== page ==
The key reason is that an American president cannot, as many other leaders can, simply admit that there is nothing the United States can do about an urgent international problem dominating the headlines. After all, the US is a “can do” country with more military power than strategic sense. This spirit of action has helped make America the richest, most powerful country on Earth, but it has also gotten it into a lot of stupid wars.
The “Washington playbook” provides a menu of prefabricated solutions to such situations, most of which rely on America's unique military capacity. They range from shipping arms to training local armies to simply imposing peace through the application of superior force. None of them involves standing aside.
In the case of Syria, none of these proposals made much sense according to the president's own philosophy. But each had a past example of supposed success, each had adherents among the eternal optimists of military force in Washington think tanks, and each had its echoes in the press. Importantly, each also had a huge rhetorical advantage over doing nothing.
With such proposals dominating the headlines, it is simply not politically viable for the president to admit that he is powerless. But it's not just that it's hard for a president to wake up every morning to allied leaders, opposition politicians, and newspaper headlines declaring that he is feckless and weak. It's also that those headlines begin to erode his popularity and threaten his capacity to deliver on other parts of his political agenda.
This becomes even more difficult as disagreements within your administration leak into the press and provide ammunition for the idea that the problem is the president's personal lack of resolve or decisiveness.
Accordingly, at every stage of the Syrian crisis — when the Assad regime began firing on peaceful protesters in 2011, when it began its brutal air campaign against Syrian rebels in 2012, when it used chemical weapons in the Damascus suburbs in 2013, when ISIS took Mosul in 2014, and when the Russians intervened in force in 2015 — the political pressure on President Obama to “do something” grew.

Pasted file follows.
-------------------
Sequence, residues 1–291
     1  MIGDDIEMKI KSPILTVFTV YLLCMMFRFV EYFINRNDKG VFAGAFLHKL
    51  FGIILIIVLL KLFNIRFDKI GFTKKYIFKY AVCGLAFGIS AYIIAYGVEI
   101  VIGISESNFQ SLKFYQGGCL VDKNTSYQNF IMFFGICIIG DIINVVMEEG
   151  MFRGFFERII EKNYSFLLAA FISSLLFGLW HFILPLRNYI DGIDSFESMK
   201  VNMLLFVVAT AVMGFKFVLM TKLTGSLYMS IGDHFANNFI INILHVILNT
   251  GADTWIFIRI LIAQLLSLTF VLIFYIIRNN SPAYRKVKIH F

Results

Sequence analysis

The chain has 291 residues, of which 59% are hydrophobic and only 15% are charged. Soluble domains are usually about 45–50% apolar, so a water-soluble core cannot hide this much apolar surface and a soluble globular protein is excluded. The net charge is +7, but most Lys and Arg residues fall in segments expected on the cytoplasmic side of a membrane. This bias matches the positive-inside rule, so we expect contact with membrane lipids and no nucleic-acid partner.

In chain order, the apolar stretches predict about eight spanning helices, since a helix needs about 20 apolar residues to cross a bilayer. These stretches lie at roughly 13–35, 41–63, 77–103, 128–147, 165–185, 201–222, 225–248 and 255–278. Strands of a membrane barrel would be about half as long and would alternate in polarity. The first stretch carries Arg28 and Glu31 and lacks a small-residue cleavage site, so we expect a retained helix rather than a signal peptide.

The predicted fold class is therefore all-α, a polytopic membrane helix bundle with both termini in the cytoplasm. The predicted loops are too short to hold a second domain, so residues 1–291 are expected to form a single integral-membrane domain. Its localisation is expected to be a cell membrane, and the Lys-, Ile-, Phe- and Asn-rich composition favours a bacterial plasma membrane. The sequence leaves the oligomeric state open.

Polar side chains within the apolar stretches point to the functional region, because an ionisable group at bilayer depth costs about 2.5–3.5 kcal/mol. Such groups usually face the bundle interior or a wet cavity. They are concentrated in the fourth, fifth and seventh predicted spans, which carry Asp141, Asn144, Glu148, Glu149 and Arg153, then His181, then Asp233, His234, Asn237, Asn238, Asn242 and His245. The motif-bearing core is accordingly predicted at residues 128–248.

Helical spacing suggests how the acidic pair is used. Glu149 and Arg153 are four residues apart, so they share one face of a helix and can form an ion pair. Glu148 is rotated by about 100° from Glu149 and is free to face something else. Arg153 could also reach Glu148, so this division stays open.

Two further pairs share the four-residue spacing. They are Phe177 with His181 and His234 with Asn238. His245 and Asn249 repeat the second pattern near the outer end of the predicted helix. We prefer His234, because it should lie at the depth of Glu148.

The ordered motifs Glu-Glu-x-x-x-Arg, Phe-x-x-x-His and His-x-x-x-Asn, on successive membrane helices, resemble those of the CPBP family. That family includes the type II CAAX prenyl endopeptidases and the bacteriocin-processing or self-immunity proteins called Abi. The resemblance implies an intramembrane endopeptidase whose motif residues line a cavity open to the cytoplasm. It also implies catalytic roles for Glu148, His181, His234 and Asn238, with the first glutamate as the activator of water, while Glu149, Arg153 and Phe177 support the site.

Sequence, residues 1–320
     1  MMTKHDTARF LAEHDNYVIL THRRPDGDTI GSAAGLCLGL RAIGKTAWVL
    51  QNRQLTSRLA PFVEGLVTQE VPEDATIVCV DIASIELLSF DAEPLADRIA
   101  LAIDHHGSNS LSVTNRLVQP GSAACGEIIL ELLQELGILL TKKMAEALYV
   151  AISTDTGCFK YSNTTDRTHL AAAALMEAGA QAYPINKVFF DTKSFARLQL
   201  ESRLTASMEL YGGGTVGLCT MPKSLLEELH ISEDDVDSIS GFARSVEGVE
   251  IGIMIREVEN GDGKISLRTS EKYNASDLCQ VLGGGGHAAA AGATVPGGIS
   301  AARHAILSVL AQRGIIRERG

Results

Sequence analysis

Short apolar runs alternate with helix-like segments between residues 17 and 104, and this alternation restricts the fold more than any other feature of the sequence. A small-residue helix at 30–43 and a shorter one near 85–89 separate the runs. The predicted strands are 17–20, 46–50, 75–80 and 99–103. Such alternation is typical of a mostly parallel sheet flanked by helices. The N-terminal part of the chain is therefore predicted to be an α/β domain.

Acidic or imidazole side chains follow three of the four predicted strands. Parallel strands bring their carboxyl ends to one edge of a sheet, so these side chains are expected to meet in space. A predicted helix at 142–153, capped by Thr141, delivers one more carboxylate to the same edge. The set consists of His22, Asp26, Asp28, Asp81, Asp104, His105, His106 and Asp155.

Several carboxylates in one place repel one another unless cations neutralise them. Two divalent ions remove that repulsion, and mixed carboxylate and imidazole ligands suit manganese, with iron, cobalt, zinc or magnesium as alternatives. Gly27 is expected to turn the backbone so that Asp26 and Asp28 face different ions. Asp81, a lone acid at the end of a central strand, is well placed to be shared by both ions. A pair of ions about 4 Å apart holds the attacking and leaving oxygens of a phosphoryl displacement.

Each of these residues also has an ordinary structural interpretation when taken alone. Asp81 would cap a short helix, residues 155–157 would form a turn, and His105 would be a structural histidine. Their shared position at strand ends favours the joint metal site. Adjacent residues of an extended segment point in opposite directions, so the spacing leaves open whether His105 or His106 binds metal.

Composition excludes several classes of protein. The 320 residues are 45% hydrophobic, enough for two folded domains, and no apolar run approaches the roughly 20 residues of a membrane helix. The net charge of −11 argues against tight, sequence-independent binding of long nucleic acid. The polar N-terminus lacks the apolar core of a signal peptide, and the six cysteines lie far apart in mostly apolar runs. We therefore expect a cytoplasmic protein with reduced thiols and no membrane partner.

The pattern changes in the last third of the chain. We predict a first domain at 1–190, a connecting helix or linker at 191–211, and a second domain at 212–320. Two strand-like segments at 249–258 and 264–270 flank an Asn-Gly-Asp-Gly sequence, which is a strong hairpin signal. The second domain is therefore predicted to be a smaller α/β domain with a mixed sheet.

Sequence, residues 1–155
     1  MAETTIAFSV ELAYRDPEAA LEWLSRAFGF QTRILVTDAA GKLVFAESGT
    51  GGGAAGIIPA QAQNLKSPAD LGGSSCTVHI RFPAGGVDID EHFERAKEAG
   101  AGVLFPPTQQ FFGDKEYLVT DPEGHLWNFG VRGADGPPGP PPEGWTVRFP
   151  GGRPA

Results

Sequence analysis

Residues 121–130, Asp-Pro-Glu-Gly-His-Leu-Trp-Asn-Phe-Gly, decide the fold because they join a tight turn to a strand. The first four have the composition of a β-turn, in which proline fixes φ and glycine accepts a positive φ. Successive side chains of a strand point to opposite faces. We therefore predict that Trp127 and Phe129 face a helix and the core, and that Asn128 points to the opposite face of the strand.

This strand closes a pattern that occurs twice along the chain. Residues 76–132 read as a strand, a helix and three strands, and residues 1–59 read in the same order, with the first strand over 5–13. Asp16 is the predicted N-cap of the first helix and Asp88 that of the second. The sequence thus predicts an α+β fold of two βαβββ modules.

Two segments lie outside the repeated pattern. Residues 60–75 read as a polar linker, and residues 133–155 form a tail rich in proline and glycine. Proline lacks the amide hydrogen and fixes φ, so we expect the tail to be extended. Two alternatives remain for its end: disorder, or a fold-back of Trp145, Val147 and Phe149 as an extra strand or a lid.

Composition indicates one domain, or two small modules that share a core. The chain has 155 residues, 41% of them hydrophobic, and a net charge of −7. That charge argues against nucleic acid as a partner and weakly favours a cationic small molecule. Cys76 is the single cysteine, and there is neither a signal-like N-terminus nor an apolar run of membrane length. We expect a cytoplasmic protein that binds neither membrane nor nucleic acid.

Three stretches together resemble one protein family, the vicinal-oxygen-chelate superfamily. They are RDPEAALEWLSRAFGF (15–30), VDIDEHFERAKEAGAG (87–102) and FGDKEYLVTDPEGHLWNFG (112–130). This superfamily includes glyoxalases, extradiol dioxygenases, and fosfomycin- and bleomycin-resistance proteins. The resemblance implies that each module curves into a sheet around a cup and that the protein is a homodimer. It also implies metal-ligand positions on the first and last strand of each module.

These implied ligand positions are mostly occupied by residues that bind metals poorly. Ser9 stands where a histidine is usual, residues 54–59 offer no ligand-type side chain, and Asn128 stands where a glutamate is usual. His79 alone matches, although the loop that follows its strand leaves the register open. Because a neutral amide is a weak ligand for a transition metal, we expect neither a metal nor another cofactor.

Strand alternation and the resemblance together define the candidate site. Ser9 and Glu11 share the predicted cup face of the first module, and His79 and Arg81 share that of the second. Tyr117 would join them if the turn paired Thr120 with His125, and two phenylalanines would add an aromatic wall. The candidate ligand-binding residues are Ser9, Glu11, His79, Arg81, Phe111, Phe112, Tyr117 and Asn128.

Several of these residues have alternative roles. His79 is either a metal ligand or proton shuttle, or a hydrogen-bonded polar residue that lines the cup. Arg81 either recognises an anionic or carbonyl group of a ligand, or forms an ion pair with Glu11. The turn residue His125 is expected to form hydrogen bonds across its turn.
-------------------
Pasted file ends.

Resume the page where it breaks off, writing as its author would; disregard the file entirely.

Responding to that pressure, Obama sought at each stage to split the difference: to respond to the crisis while remaining true to his philosophy and keeping US involvement to a minimum. I took to calling this practice, somewhat indelicately, “salami-slicing the baby.” As one US official put it during the response to the September 2013 Syrian chemical weapons attacks, the White House sought a response that was “just muscular enough not to get mocked.“
This approach was perhaps most evident in the White House’s reaction to the revelation in September 2015 that the US military’s train-and-equip mission in Syria, intended to train 5,400 Syrian opposition soldiers in the first year, had been a complete failure: The program had only produced four or five in the first year.
In briefings after the disclosure, White House Press Secretary Josh Earnest suggested that the president had never supported the program. To the contrary, he explained, the entire reason for the program was to placate critics of the administration’s Syria policy. “Many of our critics had proposed this specific option as essentially the cure-all for all of the policy challenges that we're facing in Syria right now,” Earnest said. “That is not something that this administration ever believed, but it is something that our critics will have to answer for.”
The result of this salami slicing has been a long, slow ride down a slippery slope toward ever-greater US involvement in Syria. If the current cessation of hostilities breaks down, that ride will likely continue, perhaps under a new president not so philosophically inclined.
The curious case of US Syria policy
This all means that the story of US policy in Syria is not a story of a president inspired by an ideology of restraint standing aside, for better or for worse, when he could have acted.
To the contrary, it is a story of a president pushed by domestic politics and overly optimistic schemes into interventionist half-measures that he didn't believe in and that satisfied no one.
The lesson is that even a president who has shown extraordinary awareness that the “Washington playbook” frequently dictates unwise military interventions often feels forced to compromise his policy. A foreign policy philosophy is great, and an Atlantic article outlining it is even better. It will likely launch a thousand dissertations. But just because a president has a philosophy doesn’t mean he gets to implement it.
The European Council on Foreign Relations does not take collective positions. ECFR publications only represent the views of their individual authors.